Bruno's Barbershop Quartet

Posted by Kirhat | Wednesday, August 22, 2007 | | 1 comments »

Bruno's BarbershopFour sisters make the cut in the barbershop business

Philippine Business Magazine

Back in 1990, when Amy Manas’s son Marco was still a toddler, she felt uncomfortable about the idea of bringing Marco to the barbershops in their neighborhood. This sparked an idea—Amy and her sisters Karina Manas-Manapat, Peachy Manas, and Joyce Manas-Magpale decided to try their hand in the barbershop business, and thus the birth of Bruno’s Barbers.

“The concept of the place was really quite simple,” relates Joyce, who is Bruno’s Barbers executive director. “We just wanted a barbershop that offered the usual services, but in a very clean environment.

With an initial capitalization of P700,000, the sisters opened their first Bruno’s branch in Alabang. According to Joyce, there was no particular reason why the siblings chose the name “Bruno” for their shop. They just found the name very masculine and thought it suited the barbershop, which would primarily cater to males. The sisters also felt clients would find the name easy to remember.

Bruno's BarbershopQuality Service

Like any new business, Bruno’s Barbers had its share of ups and downs. Their first challenge was to establish their name in the industry. They also had to prove to clients that although Bruno’s rates are higher than those charged in most barbershops, the quality of service Bruno’s clients get is worth every peso paid.

“Our market is mostly the A market, but we cater to all ages, from the grandfathers to the toddlers,” Joyce explains. “A haircut at Bruno’s Barbers costs about P150, and we also offer a wide range of services.” These services include nail cleaning services (manicure and pedicure at P150 each), hair and scalp treatments (P700–P1,300), hair coloring (P650–P950), and massage (P175-P450).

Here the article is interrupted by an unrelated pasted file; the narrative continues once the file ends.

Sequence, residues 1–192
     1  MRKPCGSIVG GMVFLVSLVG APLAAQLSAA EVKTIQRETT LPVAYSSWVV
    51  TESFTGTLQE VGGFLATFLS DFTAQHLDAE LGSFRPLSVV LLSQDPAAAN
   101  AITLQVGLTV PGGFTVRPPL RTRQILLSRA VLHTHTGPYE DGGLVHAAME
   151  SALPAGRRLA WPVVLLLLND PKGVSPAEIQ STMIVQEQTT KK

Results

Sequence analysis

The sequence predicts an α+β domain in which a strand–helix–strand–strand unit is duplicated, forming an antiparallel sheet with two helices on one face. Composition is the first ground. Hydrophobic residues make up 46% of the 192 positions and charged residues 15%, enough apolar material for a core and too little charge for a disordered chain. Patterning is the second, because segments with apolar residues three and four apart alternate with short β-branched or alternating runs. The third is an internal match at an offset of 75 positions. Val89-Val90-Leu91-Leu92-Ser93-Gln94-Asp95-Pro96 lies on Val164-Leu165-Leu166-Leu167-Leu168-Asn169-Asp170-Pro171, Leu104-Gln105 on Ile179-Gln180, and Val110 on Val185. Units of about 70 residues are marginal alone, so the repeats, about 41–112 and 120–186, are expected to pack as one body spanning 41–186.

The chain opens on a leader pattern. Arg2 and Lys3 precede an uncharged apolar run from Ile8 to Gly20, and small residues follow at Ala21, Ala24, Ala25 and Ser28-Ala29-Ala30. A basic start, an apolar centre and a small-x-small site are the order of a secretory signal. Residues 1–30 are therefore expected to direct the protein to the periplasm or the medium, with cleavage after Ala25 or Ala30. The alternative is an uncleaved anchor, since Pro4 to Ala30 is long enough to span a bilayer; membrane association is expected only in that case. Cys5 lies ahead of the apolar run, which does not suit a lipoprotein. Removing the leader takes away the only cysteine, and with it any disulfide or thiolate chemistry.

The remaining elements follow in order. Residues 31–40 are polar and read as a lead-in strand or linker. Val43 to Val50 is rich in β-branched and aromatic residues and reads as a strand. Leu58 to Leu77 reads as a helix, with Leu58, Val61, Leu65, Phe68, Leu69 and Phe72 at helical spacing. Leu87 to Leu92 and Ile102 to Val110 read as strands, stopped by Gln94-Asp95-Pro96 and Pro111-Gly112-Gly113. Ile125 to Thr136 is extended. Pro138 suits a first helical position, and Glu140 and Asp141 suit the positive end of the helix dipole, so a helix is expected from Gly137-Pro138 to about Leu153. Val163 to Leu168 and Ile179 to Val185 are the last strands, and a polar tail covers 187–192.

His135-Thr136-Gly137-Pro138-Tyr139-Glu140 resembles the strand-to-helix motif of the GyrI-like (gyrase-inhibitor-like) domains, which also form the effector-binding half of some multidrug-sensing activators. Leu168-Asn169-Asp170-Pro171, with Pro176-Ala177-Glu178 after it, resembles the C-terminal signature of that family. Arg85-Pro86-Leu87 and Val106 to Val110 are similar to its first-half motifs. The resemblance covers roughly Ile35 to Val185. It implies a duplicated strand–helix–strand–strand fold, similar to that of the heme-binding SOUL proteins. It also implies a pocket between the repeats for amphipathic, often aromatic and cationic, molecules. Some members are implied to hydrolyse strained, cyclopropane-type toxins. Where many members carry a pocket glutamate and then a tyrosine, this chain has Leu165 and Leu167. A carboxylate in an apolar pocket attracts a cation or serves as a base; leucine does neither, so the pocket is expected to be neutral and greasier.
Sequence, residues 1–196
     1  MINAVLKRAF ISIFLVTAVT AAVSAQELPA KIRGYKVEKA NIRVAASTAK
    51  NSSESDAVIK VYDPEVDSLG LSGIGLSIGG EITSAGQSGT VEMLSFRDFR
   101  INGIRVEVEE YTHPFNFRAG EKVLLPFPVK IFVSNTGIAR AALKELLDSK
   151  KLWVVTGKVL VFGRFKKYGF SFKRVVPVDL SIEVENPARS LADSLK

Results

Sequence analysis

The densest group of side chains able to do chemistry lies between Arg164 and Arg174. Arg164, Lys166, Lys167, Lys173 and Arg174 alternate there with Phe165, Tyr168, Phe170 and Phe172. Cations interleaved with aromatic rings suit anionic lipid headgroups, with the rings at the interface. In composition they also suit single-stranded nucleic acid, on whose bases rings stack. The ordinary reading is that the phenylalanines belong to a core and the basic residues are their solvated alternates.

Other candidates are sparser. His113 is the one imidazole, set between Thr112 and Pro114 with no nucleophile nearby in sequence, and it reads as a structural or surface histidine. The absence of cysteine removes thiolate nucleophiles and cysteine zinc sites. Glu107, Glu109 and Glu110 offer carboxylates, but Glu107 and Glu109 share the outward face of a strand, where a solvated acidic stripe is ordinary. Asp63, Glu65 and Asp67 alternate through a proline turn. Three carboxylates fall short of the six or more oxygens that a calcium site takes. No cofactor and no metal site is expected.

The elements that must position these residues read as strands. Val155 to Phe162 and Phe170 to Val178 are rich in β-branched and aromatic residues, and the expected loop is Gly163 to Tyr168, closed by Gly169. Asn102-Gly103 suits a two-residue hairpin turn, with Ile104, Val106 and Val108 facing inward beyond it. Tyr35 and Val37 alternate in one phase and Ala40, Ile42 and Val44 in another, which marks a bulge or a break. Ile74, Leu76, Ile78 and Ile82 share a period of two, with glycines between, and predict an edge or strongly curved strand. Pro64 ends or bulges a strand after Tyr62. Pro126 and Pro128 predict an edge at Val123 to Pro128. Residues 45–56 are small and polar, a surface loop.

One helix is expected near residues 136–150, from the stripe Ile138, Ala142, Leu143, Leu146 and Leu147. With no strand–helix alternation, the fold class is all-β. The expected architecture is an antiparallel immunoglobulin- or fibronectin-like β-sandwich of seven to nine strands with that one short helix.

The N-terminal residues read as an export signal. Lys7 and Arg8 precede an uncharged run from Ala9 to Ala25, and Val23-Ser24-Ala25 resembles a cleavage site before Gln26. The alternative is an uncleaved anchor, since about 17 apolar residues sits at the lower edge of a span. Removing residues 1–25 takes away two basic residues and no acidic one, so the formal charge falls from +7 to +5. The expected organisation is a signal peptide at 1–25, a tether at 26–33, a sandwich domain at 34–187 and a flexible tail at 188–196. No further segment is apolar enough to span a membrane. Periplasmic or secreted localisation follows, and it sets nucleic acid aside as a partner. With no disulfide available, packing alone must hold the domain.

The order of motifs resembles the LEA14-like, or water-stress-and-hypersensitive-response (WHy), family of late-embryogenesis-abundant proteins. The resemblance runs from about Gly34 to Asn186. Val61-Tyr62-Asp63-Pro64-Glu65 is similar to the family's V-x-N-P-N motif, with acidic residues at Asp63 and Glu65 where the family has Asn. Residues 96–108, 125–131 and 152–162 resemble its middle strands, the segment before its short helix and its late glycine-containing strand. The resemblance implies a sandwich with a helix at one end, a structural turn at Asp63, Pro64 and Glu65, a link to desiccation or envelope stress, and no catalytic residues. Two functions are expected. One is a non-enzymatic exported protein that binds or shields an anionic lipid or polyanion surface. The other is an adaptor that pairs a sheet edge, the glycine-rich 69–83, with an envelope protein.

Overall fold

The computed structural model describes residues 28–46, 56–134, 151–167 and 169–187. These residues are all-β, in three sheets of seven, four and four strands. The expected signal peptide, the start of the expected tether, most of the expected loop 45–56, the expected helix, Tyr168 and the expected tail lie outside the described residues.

Apparently, their prices did not scare the customers away, as two years later the sisters opened their second branch in the Katipunan area in Quezon City. This branch has since moved to a bigger space in Libis. Moreover, Bruno’s Barbers now also has branches in Greenbelt 1, Salcedo Village, Power Plant Mall, Rockwell Club (which is exclusive to the club’s members), Fort Bonifacio, Paseo de Magallanes, Shangri-La Plaza, Ortigas Center, Greenhills, Tomas Morato, Visayas Avenue, Commonwealth, and Robinson’s Place Lipa. A 16th branch in Banawe is scheduled to open before the end of the year.

Calculated Expansion

It took the sisters 16 years to open the 16 branches. Joyce explains that they wanted to be sure that each branch was stable before they opened another one. Nevertheless, although they were conservative in carrying out their expansion plans, these were achieved not without difficulty.

“One of the problems we encountered when we started expanding was standardization,” Joyce looks back. “We had to work on the consistency of the services and the products. What we want to achieve is that if a client goes to the Alabang branch to get a hot oil treatment, he should get the same hot oil service in all our other branches.”